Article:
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Australian Open: Cam Norrie loses tense five setter to Alexander Zverev

Cameron Norrie's Australian Open run came to an end in the fourth round when he went down in five sets to Alexander Zverev.

The British number one broke new ground with a brilliant attacking display to defeat Casper Ruud on Saturday and again showed the new dimensions he has added to his game to push the sixth seed all the way.

Norrie, who had not won a set in their four previous meetings, twice came from behind to force a decider but it is Zverev who moves through to the quarter-finals after a 7-5 3-6 6-3 4-6 7-6 (10/3) victory.

Norrie will leave Australia, though, knowing that he can mix it with the best players in the world on the biggest stage and with confidence fully restored after a shaky second half of last season.

The match was briefly interrupted in the third set by a protester, who threw 'Free Palestine' flyers onto the court from the front row of Margaret Court Arena before being forcibly escorted away by two spectators.

The scenes were reminiscent of Wimbledon last summer, when Just Stop Oil protesters threw jigsaw pieces and confetti onto the court during two matches, although the leaflets were swiftly cleared here and play quickly resumed.

Norrie's tactics against Ruud came as no surprise to Zverev, who spent the off-season practising with the British number one in Monte-Carlo.

There were few rallies of any kind in the first set, with serve dominating until Norrie, who was trying to beat a top-10 opponent at a slam for the first time, was broken at 5-5.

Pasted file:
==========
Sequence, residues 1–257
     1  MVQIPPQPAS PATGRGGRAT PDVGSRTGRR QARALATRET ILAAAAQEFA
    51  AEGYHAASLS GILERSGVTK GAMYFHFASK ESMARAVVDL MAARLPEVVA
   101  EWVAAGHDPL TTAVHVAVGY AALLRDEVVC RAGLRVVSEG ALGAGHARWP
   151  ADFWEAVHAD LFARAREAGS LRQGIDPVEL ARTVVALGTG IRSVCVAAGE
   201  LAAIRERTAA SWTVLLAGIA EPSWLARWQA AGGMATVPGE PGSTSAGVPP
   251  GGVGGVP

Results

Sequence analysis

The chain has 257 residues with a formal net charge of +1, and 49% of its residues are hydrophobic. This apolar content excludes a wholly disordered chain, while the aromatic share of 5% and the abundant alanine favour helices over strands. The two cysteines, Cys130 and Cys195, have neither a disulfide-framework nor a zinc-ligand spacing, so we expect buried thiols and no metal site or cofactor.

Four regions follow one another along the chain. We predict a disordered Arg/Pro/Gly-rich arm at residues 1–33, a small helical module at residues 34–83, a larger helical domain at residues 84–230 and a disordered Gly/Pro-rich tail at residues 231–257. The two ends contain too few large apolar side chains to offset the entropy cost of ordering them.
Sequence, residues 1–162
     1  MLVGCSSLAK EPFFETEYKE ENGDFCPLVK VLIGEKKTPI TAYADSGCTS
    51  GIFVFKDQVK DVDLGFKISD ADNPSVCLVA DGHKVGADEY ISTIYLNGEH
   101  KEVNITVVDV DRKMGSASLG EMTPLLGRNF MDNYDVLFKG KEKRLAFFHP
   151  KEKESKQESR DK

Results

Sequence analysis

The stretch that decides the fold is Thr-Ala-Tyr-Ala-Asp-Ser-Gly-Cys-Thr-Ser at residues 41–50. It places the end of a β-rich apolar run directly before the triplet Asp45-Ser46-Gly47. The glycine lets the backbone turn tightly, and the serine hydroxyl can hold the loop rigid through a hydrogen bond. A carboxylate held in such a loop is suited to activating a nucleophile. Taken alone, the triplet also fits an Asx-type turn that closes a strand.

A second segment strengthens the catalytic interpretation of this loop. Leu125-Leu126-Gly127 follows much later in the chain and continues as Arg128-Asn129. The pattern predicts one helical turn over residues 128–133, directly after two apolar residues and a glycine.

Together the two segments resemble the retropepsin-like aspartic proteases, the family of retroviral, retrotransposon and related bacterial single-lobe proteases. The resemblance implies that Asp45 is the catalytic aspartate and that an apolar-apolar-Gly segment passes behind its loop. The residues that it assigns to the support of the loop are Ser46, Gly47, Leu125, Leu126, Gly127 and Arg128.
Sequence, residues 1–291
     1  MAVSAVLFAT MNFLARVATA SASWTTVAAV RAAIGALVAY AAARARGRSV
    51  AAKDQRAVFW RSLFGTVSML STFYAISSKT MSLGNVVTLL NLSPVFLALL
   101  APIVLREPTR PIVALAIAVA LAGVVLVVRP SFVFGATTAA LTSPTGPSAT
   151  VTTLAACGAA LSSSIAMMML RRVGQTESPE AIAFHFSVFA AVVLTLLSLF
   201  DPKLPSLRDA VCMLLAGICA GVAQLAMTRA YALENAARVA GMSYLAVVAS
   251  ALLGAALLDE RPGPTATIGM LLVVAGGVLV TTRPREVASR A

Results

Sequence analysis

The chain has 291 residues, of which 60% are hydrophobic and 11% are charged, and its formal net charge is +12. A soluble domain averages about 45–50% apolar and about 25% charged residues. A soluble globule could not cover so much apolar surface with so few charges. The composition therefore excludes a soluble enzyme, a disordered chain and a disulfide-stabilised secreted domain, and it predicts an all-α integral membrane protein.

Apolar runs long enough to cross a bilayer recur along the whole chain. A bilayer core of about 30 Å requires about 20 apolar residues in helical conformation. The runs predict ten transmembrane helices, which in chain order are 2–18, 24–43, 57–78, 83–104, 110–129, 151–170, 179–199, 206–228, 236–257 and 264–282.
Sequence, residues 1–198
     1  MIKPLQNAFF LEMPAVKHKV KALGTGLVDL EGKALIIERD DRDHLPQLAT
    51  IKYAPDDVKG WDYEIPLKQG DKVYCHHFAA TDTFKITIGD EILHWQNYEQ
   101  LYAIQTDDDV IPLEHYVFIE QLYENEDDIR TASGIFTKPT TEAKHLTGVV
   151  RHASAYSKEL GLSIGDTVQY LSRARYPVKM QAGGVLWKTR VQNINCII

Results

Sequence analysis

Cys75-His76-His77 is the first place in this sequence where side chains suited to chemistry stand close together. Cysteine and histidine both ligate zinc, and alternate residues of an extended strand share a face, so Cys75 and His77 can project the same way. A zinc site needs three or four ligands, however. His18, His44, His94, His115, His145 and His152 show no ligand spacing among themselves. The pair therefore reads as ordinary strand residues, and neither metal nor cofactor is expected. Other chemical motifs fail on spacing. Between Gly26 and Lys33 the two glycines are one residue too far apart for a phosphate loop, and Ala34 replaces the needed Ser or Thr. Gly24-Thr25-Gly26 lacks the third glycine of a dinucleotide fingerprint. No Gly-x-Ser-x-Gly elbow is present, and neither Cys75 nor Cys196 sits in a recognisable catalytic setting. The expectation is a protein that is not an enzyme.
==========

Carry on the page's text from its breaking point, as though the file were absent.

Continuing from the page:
Zverev immediately came under pressure on serve for the first time but saved a break point with a forehand onto the line, and looked to have taken control of the contest when he broke again to lead 3-2 in the second.

However, Norrie played what must be one of the best returning games of his career to hit straight back, finishing it off with a zinging backhand cross-court winner.

And Norrie was not finished there, the 28-year-old showing his new-found aggression and willingness to mix up his tactics to pile more pressure on Zverev in his next service game.

The German saved two break points but then mis-hit a forehand on the third and suddenly Norrie was serving for the set.

It was far from straightforward for the 19th seed but he saved four break points before taking it, fortuitously, when a forehand hit the top of the net and dropped over.

A poor service game at 1-2 in the third set was enough for Zverev to take it and though Norrie pushed hard at the beginning of the fourth set, Zverev managed to save two break points in the second game.

However, the Olympic champion was powerless to stop Norrie forcing a decider, the 28-year-old creating two set points at 4-5 and taking the first with a delicate half-volley.

Norrie was managing to bully Zverev, one of the most powerful players on tour, at times from the baseline, while his drop shots and short angled slices kept the German guessing.

They exchanged breaks of serve at the start of the fifth set while Norrie survived a tense game at 3-3, saving three more break points.

Both men managed to hold serve through to a first-to-10-points tie-break but there Norrie's resistance ran out, with Zverev clinching the win after four hours and five minutes to end British interest in the singles.

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